Within the context of Russian poetry, Joseph Brodsky is not an isolated phenomenon. His generation is rich in good poets: Aleksandr Kushner, Lev Loseff, Vladimir Ufliand, Evgeni Rein, Mikhail Eremin. Western readers should keep in mind that he, although the leading poet of his generation, is not the only one, and that he writes not only within a historical context but within a contemporary one as well. With his trial and exile, however, Brodsky has not changed his context so much as expanded it.
In that emigration has forced him to consider both his native culture and his adopted one from an outsider’s point of view, Brodsky is not so different from any other emigre. What sets him apart from many of his fellows is his perspective. Emigre intellectuals often tend to view themselves in terms of “us” and “them”; the problem stems from trying to decide to which group they belong. Solzhenitsyn, for example, clearly considers “us” to be the real, Orthodox, spiritual Russia, while his “thems” have multiplied to include both Western liberals and Soviet totalitarians. The so-called liberal democratic wing of emigration seems just as preoccupied with East-West differences. In either case, the focus of their concerns is the same, and considerations of language and poetics quickly turn into arguments over the superiority of this or that verbal—and spiritual—culture.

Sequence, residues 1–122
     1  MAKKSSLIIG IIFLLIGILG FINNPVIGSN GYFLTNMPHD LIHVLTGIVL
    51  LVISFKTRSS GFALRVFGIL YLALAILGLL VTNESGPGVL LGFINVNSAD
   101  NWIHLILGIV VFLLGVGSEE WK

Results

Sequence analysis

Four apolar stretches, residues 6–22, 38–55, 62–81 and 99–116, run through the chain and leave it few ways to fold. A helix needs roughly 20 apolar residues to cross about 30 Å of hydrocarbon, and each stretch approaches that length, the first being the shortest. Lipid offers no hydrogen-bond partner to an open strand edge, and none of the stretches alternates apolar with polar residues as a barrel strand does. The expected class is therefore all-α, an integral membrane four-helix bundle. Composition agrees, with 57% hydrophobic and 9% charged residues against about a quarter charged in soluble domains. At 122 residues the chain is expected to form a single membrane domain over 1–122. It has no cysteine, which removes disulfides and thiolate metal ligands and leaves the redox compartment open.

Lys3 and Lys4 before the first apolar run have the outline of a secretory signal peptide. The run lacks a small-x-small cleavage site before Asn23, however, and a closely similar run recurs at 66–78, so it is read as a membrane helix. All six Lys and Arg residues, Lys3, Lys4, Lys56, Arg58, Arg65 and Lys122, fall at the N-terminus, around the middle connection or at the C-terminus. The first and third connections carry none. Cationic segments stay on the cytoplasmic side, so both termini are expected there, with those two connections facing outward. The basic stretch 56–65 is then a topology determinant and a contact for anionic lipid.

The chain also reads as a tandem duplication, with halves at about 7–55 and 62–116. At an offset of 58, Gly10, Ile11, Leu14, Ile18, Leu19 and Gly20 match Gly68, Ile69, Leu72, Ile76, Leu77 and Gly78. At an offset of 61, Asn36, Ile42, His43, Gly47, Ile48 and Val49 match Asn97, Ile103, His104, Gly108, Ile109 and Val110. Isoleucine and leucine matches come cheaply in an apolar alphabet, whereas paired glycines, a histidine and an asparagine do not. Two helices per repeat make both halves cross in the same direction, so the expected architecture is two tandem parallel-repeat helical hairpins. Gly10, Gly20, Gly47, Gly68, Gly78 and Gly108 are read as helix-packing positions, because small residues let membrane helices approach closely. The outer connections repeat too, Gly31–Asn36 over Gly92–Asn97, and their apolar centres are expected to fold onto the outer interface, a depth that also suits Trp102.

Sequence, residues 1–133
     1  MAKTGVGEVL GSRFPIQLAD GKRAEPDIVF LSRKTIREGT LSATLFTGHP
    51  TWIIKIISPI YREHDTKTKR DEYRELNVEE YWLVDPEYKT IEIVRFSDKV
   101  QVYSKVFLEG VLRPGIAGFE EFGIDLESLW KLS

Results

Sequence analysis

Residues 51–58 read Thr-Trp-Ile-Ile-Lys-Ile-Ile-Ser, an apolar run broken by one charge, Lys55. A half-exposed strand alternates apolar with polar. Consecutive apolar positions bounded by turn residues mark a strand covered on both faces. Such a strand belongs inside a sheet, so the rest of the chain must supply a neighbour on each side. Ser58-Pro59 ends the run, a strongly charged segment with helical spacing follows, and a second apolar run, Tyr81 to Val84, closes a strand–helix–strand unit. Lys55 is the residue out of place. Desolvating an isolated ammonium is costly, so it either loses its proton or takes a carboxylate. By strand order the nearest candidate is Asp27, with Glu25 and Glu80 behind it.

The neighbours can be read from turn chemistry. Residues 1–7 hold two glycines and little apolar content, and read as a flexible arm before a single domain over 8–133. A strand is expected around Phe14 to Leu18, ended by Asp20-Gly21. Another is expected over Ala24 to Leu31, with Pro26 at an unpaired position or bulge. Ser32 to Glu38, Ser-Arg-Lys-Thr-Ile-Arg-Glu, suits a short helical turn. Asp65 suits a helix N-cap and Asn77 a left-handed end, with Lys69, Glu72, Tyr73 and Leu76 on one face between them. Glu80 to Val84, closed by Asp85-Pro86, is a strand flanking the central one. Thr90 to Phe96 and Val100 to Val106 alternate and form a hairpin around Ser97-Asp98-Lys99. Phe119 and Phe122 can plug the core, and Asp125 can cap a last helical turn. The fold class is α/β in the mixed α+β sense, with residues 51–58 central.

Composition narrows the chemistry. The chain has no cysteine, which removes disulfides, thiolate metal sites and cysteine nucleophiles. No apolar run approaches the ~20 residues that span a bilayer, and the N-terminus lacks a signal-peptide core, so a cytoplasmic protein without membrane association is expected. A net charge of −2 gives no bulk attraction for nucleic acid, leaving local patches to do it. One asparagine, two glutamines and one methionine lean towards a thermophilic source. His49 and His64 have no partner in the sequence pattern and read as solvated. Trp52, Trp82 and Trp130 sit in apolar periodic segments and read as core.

Brodsky does not so much sidestep these arguments as overstep them. He neither apologizes for his native literature nor glorifies it but subjects it to the same criteria as any other civilized nation’s. His poetry of exile draws on Mandelstam and Pushkin and on Ovid and Dante as well. What results is not a homogenized blend or a bland “international” style but a particular voice drawing on a multitude of voices.